iMac and Viagra - hard sells of '98.

What was the best campaign of 1998? If you haven't already replied to the PRWeek Best & Worst of Public Relations poll, you should do so now. The deadline has been extended by 24 hours, till December 8th at 5pm. In the meantime, and to whet your appetite, we would like to suggest two contenders for the 'Best' slot.

What was the best campaign of 1998? If you haven't already replied to the PRWeek Best & Worst of Public Relations poll, you should do so now. The deadline has been extended by 24 hours, till December 8th at 5pm. In the meantime, and to whet your appetite, we would like to suggest two contenders for the 'Best' slot.

The first is the launch of Apple's iMac. We've all admired the creative work of Chiat Day. A very photogenic product taken from all sorts of angles.

With lots of cute one-liners. It's advertising at its very best.

But the real success story of the iMac is probably down to PR as much as ads. Consider the background. The launch of the iMac was prepared in the wake of a (public relations) nightmare that has been escalating in intensity for fully five years.

Market share had declined to 2%. The share price had nose-dived. Two CEOs had tried and failed. Issues of reliability and user support were constantly in the papers. The future of the company was in constant and very public debate. The maverick founder, Steve Jobs, who had returned to the company on a temporary basis, was still considering his future plans after several months. And, of all the indignities, after Oracle failed to buy the beleaguered company, a certain Bill Gates took a $150 million stake to 'save' the company, and his shareholding immediately doubled in value.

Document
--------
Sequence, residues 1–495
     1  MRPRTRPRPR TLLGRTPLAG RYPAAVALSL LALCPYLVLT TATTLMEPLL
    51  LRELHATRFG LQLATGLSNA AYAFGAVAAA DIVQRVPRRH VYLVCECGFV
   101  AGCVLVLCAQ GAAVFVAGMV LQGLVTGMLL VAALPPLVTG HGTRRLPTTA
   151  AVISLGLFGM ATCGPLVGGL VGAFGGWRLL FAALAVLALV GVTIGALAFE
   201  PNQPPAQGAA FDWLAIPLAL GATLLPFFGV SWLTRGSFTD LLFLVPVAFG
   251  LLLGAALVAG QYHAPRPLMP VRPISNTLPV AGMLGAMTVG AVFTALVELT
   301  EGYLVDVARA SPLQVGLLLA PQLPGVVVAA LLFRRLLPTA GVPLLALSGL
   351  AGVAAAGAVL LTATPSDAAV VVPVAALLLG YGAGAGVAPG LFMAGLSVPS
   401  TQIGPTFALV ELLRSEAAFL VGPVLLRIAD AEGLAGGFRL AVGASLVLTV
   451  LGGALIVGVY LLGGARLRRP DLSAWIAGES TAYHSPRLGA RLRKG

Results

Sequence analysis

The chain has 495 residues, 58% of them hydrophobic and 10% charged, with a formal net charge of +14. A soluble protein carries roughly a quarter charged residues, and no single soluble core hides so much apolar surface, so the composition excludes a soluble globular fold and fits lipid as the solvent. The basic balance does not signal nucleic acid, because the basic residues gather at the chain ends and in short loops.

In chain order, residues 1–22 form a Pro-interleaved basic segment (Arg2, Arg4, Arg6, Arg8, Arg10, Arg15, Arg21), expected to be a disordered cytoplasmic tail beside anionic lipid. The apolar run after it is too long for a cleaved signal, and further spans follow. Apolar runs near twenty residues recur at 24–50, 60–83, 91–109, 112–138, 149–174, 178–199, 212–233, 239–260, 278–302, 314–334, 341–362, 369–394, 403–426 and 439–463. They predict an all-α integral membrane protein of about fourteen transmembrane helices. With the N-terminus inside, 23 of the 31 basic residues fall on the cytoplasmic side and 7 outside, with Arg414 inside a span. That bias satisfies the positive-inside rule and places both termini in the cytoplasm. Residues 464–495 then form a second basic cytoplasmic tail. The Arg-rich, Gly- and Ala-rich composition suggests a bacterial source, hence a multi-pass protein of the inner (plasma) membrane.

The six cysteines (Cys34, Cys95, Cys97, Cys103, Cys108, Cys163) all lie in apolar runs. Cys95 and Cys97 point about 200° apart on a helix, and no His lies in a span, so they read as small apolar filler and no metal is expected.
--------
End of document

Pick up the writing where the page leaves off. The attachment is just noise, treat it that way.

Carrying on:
The challenge, then, was about more than one-liners. It was about the very viability of a company. It was about selling Steve Jobs, when his future at the company was uncertain. It was about persuading the world-weary computer trade press that Apple could be taken seriously after so much management incompetence.

And what about Viagra? It was a phenomenon that happened without paid advertising. But it couldn't have happened without good PR. Okay, so there was a great story to tell. But there were so many issues and aspects to consider, so many stories - from health scares to age discrimination, from Rx prices to availability, across almost the entire globe - that without appropriate PR support; without measured sequencing of the message to the entire community of Viagra's interest - the message would have 'spun' out of control.

So, if you've got any better suggestions for great PR in 1998, we want to hear them. Please don't delay. But why should you bother? First, because these stories make great reading, and we can all learn from them. But second, when we've conducted the survey, we're going to send the results to the top national media.

In other words, this is a great chance to promote the secret, silent work of PR. To make people understand what we do. Isn't that the Holy Grail we're all looking for?

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